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ARC: SURGE IN PUBLIC VIOLENCE

Organizations face tough issues in deciding whether to arm guards

Well-defined policies, careful training needed

Los Angeles Unified School District
Photo by AP PHOTO The Los Angeles Unified School District has its own police force, whose members receive formal police officer training.

The December shootings at the Sandy Hook Elementary School in Newtown, Conn., prompted considerable discussion of putting armed guards in schools and other public places, though various factors make the decision a complicated one.

“Every type of public place is different and, from the owner's perspective, it is in their interest to make people feel comfortable and safe,” said Tracy Knippenburg Gillis, global reputational risk and crisis management practice leader at Marsh Risk Consulting in New York. “It's not as simple as saying we're going to put armed guards in the mall, for example. Maybe some people would be made uncomfortable by the presence of armed guards in the mall.

“There's an increased exposure, I would say, in having armed guards. If there's an exchange (of gunfire), someone could be harmed,” Ms. Gillis said. “There is some increased risk, potentially.”

For those considering putting armed guards in schools or other public places, it's critical to make sure well-defined policies and proper procedures are in place, along with making sure those carrying the weapons are adequately trained, experts say.

“You want people who are (Police Officer Safety Training) certified,” said Gregg Breed, chief risk officer at the Los Angeles Unified School District, which has its own police force. “That way, you know that they are trained in what to do and how to handle situations.”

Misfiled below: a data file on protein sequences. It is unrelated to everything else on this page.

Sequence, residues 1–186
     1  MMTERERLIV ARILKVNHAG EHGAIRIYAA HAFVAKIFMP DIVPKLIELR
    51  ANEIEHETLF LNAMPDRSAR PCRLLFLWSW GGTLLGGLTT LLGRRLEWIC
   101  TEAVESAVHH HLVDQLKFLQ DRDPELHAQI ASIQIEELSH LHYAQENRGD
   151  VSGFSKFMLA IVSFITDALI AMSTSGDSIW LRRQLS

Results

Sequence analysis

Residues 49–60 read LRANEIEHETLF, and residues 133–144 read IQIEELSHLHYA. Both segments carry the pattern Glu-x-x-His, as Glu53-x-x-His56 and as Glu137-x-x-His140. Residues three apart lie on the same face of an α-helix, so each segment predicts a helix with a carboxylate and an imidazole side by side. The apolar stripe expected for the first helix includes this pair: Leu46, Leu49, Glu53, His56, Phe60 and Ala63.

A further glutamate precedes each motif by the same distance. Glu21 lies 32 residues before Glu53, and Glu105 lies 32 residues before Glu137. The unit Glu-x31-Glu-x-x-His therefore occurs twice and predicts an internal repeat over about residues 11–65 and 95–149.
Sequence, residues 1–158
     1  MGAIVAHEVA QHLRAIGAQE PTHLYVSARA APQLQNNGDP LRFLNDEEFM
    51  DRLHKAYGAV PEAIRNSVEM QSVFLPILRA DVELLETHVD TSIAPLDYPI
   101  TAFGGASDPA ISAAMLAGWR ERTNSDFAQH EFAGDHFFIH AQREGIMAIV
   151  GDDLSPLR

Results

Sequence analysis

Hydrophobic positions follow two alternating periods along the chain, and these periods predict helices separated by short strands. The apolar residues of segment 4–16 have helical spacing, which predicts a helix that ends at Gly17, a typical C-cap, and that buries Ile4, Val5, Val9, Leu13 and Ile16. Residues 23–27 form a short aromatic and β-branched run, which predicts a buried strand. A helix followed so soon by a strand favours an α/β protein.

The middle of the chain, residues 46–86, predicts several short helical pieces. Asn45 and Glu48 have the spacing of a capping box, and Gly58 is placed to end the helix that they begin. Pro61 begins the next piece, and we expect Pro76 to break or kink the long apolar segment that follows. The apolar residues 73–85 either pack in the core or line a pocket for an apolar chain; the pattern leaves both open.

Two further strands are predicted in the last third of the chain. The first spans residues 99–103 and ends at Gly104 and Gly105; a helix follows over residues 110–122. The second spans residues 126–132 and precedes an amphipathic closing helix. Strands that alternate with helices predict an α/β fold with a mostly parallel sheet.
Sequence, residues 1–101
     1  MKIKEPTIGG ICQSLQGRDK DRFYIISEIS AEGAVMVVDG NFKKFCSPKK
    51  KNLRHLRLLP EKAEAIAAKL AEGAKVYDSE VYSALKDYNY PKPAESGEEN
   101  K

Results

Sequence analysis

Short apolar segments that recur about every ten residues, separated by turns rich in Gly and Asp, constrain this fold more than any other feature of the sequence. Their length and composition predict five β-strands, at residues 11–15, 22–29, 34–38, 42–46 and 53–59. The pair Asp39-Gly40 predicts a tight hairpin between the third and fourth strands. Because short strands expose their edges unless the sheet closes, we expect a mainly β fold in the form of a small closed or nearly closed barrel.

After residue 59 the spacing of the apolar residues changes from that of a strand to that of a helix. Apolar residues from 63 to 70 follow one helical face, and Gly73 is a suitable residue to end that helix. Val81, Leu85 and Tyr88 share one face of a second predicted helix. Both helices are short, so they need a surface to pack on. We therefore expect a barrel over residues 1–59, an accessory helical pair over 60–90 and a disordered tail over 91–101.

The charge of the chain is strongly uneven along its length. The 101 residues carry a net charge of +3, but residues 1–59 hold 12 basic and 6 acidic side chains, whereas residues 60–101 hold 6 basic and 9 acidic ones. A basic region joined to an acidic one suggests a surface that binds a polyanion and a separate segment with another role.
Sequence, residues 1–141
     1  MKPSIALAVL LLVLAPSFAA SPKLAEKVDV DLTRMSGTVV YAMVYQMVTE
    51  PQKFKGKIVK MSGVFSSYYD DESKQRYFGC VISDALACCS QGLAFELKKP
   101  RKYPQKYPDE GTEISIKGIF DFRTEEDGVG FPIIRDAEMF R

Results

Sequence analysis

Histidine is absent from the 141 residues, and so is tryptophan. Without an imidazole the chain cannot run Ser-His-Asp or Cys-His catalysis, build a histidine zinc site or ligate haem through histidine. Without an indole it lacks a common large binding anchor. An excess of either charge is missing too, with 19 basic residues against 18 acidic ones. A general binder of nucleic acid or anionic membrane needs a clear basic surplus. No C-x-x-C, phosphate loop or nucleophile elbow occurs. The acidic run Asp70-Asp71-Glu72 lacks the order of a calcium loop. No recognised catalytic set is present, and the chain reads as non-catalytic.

“It does require a good deal of discretion and judgment,” said Ronald D. Stephens, executive director at the National School Safety Center in Westlake Village, Calif. “Armed officers generally are going to be academy-trained from the police department.”

Douglas W. Gniewek, executive director of the office of risk management at Detroit Public Schools, said the school district employs unarmed contracted security guards at its schools, in addition to having its own police force of armed officers.

Members of the Detroit school district's police force are officers of the Detroit Police Department, Mr. Gniewek said, which ensures they have the proper training and background.

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“It's a real question from a risk management perspective,” he said. “If you move to armed (guards), the cost goes up. Of course, you never want to make the decision on that basis.”

Ms. Gillis said issues to be considered in discussions of placing armed guards in schools apply to other public places as well. “It's even more true, perhaps, for those who manage or own public places, like a mall for example,” she said.

Security is one of many factors in addressing the threat of violent acts, Ms. Gillis said, adding that the issue plays into whether shoppers, moviegoers or other visitors feel more or less safe. That perception aspect, she said, can be “more challenging to get right.”

“Guns are not the only option, obviously,” Ms. Gillis said. “You need to think long and hard about whether that makes sense, particularly in a public place.

“You absolutely need to ensure that, if you're going down that road, that you understand the downsides as well as the potential upside,” she said.

For clients evaluating the possible use of force, “what we look for and what we end up seeing is whether there are consistent policies to begin with,” Ms. Gillis said. “Otherwise you have created additional exposure for yourself as a business.”

After evaluating the client's situation, her Marsh practice group has often determined that the risk of adding guns was too high or that less lethal weapons would be a more effective approach.

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